The evaluation of early exercise exotic options
- Publication Type:
- Issue Date:
Research on the pricing of multifactor American options has been growing at a slow pace due to the curse of dimensionality. If we start to consider the pricing of American option contracts written on more than one underlying asset or relax the constant volatility assumption of the Black and Scholes (1973) model, the computational burden increases as more computing power is required to handle the increasing number of dimensions. This thesis deals with the problem of pricing multifactor American options under both constant and stochastic volatility. The main focus of the thesis is to extend the representation results of Kim (1990) and Carr, Jarrow and Myneni (1992) and to devise higher dimensional numerical techniques for pricing multifactor American options. We present numerical examples for two and three factor models. The pricing problems are formulated using the well known hedging arguments. We adopt two main approaches; the first involves deriving integral expressions for the American option prices with the aid of Jamshidian’s (1992) transformation of the associated partial differential equation from a homogeneous problem on a restricted domain to an inhomogeneous problem on an unrestricted domain, Duhamel’s principle and integral transform methods. The second technique involves implementing the method of lines algorithm for American exotic options, with the spread call option under stochastic volatility being the main example – this approach tackles directly the pricing partial differential equation. Chapter 1 contains an overview of the American option pricing problem from the viewpoint of the applications in this thesis. The chapter concludes with some technical results used in the rest of the thesis. The main contributions of the thesis are contained in the subsequent chapters. Chapter 2 extends the integral transform approach of McKean (1965) and Chiarella and Ziogas (2005) to the pricing of American options written on two underlying assets under Geometric Brownian motion. A bivariate transition density function of the two underlying stochastic processes is derived by solving the associated backward Kolmogorov partial differential equation. Fourier transform techniques are used to transform the partial differential equation to a corresponding ordinary differential equation whose solution can be readily found by using the integrating factor method. An integral expression of the American option written on any two assets is then obtained by applying Duhamel’s principle. A numerical algorithm for calculating American spread call option prices is given as an example, with the corresponding early exercise boundaries approximated by linear functions. Numerical results are presented and comparisons made with other alternative approaches. Chapter 3 considers the pricing of an American call option whose underlying asset evolves under the influence of two independent stochastic variance processes of the Heston (1993) type. We derive the associated partial differential equation (PDE) for the option price using standard hedging arguments. An integral expression for the general solution of the PDE is derived using Duhamel’s principle, which is expressed in terms of the yet to be determined trivariate transition density function for the driving stochastic processes. We solve the backward Kolmogorov PDE satisfied by the transition density function by first transforming it to the corresponding characteristic PDE using a combination of Fourier and Laplace transforms. The characteristic PDE is solved by the method of characteristics. Having determined the density function, we provide a full representation of the American call option price. By approximating the early exercise surface with a bivariate log-linear function, we develop a numerical algorithm to calculate the pricing function. Numerical results are compared with those from the method of lines algorithm. The approach is generalised in Chapter 4 to the case when the underlying asset evolves under the influence of more than two stochastic variance processes by using a combination of induction proofs and some lengthy derivations.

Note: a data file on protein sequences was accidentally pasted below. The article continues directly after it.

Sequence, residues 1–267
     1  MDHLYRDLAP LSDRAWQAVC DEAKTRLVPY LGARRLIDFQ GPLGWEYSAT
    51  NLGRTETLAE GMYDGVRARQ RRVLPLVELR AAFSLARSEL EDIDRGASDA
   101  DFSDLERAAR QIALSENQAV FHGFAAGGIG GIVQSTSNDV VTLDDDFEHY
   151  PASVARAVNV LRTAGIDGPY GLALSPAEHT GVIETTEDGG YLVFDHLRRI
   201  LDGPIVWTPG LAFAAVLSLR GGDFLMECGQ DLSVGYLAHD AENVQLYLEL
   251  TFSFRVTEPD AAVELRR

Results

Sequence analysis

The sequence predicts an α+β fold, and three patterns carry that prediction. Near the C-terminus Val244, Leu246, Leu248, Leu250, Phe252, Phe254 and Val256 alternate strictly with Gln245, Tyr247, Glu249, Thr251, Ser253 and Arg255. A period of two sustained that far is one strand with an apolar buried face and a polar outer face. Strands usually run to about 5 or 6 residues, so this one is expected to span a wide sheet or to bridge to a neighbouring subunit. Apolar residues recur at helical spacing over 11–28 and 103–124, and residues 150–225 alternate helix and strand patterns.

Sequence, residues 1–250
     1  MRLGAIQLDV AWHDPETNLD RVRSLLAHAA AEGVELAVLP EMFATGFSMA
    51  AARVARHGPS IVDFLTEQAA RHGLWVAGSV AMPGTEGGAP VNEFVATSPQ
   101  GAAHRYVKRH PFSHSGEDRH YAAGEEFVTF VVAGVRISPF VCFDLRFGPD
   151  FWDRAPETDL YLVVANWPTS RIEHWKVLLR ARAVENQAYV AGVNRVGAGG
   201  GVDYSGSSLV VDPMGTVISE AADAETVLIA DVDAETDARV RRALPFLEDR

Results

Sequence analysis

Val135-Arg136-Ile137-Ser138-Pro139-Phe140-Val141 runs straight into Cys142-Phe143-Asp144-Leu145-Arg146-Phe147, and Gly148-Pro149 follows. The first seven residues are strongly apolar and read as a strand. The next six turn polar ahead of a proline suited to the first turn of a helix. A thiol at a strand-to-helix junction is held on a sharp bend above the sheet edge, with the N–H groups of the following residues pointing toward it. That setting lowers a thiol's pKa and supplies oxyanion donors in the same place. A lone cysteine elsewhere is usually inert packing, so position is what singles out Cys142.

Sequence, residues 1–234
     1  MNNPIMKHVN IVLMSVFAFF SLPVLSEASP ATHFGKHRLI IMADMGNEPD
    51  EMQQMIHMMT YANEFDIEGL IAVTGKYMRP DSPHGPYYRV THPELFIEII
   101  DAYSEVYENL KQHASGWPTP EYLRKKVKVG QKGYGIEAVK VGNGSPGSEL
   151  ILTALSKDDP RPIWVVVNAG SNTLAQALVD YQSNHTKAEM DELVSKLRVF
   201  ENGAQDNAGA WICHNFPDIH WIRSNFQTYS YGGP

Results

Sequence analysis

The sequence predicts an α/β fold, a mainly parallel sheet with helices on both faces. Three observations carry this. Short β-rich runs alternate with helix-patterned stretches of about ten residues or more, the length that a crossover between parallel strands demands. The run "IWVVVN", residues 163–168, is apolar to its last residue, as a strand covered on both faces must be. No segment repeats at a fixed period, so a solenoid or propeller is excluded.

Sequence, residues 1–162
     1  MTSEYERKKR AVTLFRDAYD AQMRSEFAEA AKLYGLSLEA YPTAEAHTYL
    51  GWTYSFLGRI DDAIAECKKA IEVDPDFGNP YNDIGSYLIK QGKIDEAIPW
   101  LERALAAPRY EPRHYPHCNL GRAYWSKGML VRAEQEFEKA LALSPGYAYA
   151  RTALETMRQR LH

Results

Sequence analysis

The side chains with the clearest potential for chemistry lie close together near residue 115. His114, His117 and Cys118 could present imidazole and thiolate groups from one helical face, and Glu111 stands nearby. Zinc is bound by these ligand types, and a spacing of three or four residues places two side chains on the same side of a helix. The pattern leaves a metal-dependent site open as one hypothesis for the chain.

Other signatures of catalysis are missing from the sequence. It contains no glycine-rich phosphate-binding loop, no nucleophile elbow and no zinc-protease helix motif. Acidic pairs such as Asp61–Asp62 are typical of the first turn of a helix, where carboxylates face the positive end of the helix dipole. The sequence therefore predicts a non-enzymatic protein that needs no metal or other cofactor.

Please use this identifier to cite or link to this item: